Whole Wheat Oil-Free Vegan Bread Machine Bread

Wednesday, March 04, 2015

Our need for fresh  bread always seems to sneak up on me. Sometimes I bake a couple of loaves and think "This should be enough for the rest of the week," and then my husband starts eating it for snacks and I run out and have to make some on Thursday or else I won't have anything to send in his lunches on Friday or for him to eat for breakfast (he is not an oatmeal person and gets up too early to run the blender).

A little while ago I spotted several bread machines at a local thrift store and decided I'd give one a go. I realized that baking bread was one of those things that kept me at home, unable to go for walks, etc. when I was baking it the regular way because I couldn't just leave the house with the oven running (my gluten free bread takes 1:45 to bake and I'm still working on adapting it). So in the interest of a bit more freedom and freezer space, this bread machine came into my life for relatively cheap.

I experimented a bit with different bread recipes and my bread kept falling. I thought there had to be something wrong with that and started tweaking the recipes.  I finally tweaked a recipe in The New McDougall Cookbook that was created for a much less modern bread maker (it requires heating up the water to 110 degrees Fahrenheit and manually softening the yeast, which is not necessary with my bread machine. I also found that the ratio of liquid to flour ratio was a bit off) and found that it made a great whole wheat sandwich bread, perfect for toast and lunches. I've never frozen it since we go through so much bread and the bread machine method only makes one loaf at a time (but with very little input from me), but I imagine it would freeze just fine if you waited until it was completely cool and double bagged it.

Without further ado, this is what has ended up as my go-to recipe.

Whole Wheat Oil-Free Vegan Bread Machine Bread


1 + 1/3 cups water (for my machine, I just use regular tap temperature water)
3 tablespoons agave nectar
2 teaspoons salt
3 + 5/8 cups whole wheat flour
3/8 cups vital wheat gluten
4 teaspoons instant yeast


  1. Add the water, agave nectar, and salt to the bread machine pan. The kneading paddle thing should already be in place in the bottom.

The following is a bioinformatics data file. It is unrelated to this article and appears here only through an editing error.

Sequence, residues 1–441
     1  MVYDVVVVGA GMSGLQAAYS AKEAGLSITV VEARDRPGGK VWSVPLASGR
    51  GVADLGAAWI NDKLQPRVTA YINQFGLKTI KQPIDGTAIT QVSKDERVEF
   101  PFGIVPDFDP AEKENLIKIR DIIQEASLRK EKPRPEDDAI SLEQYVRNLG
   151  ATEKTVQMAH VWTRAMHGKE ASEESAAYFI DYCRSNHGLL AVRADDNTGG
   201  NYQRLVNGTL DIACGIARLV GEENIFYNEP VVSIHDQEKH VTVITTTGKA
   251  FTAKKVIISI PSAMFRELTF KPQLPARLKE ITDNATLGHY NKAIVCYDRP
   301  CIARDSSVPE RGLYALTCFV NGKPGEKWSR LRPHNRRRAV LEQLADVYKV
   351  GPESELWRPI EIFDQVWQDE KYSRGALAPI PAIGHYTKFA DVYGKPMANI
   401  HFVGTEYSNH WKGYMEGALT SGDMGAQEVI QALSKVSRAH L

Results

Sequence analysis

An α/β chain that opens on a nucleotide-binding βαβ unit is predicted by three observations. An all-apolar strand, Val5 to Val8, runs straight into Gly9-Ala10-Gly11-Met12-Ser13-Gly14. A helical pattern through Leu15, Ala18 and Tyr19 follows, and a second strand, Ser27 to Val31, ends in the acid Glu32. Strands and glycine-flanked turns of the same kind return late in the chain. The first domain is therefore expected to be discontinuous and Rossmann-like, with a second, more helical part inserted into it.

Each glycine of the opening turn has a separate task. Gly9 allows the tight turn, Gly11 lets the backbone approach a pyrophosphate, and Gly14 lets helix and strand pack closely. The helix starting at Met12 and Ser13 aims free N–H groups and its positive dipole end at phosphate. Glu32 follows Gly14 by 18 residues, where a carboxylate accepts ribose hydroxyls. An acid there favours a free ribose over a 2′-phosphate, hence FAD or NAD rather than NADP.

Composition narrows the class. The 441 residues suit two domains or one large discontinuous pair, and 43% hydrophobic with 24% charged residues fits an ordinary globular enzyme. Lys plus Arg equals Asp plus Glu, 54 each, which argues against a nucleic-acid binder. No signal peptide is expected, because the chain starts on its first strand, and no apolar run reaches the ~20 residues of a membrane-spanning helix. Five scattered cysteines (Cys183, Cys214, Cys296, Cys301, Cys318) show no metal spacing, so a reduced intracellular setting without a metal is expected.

2. Combine the whole wheat flour and vital wheat gluten in a gallon zipper bag. Make sure the bag is sealed tight and has a decent amount of air inside, then gently shake to combine the flours. I usually hold the zipper with one hand just to make sure it stays closed.
  3. Pour the flour mixture into the bread pan on top of the water and use your finger to make a well in the center.
  4. Add the yeast to the well you just made in the flour.
  5. Place the bread pan into the bread maker and lock into place.
  6. Plug in/turn on your bread machine. Most machines have a whole wheat setting. Select that. I usually select a medium crust shade, but if you prefer your bread more or less dark, light or dark should also work. Press start.
  7. After the machine has been mixing the dough for a little bit, open it up and scrape down the sides with a rubber scraper. The dough has to be pretty tough in order not to fall later, so you might have to smash the dough down into the corners a bit to make sure you catch any stray bits of flour.
  8. Once all of the flour is incorporated into the dough ball, shut the lid and let the bread machine do its thing. It should do all of the kneading, rising, and baking steps for you.
  9. When the bread is done, carefully open the lid of the bread maker and use an oven mitt or two to help remove the pan. Tip the bread out onto a cooling rack. Sometimes this will take a bit of jiggling if the kneading paddle doesn't want to come loose from the pan.
  10. Carefully cut along the bottom of the kneading paddle and remove it from the bread. I find that I can easily remove mine by sticking a stainless steel straw in the hole in the bottom and using that to pop it out.
  11. Set bread upright and allow to cool. The nice thing about regular wheat bread is that, unlike most gluten free breads, you can cut it while it's still warm without gumming up the knife (and all of the other Celiacs can cry with me now--but at least I've figured out a bread solution for the non-Celiac in the house).

*If your bread machine's standard directions differ from my method, follow those instead. Some machines want you to add the dry ingredients first. Some require warm water and don't incubate the dough like mine does. These little variations might be enough to make or break your bread making experience, so be sure to follow the proper method for your machine.

Also, I should note here that the exact ratio of flours to liquids can vary a little bit on the humidity, so if one day your dough seems like a slightly different texture, either too dry or too wet, consider adding a couple of tablespoons more water or flour so that your results are consistent.

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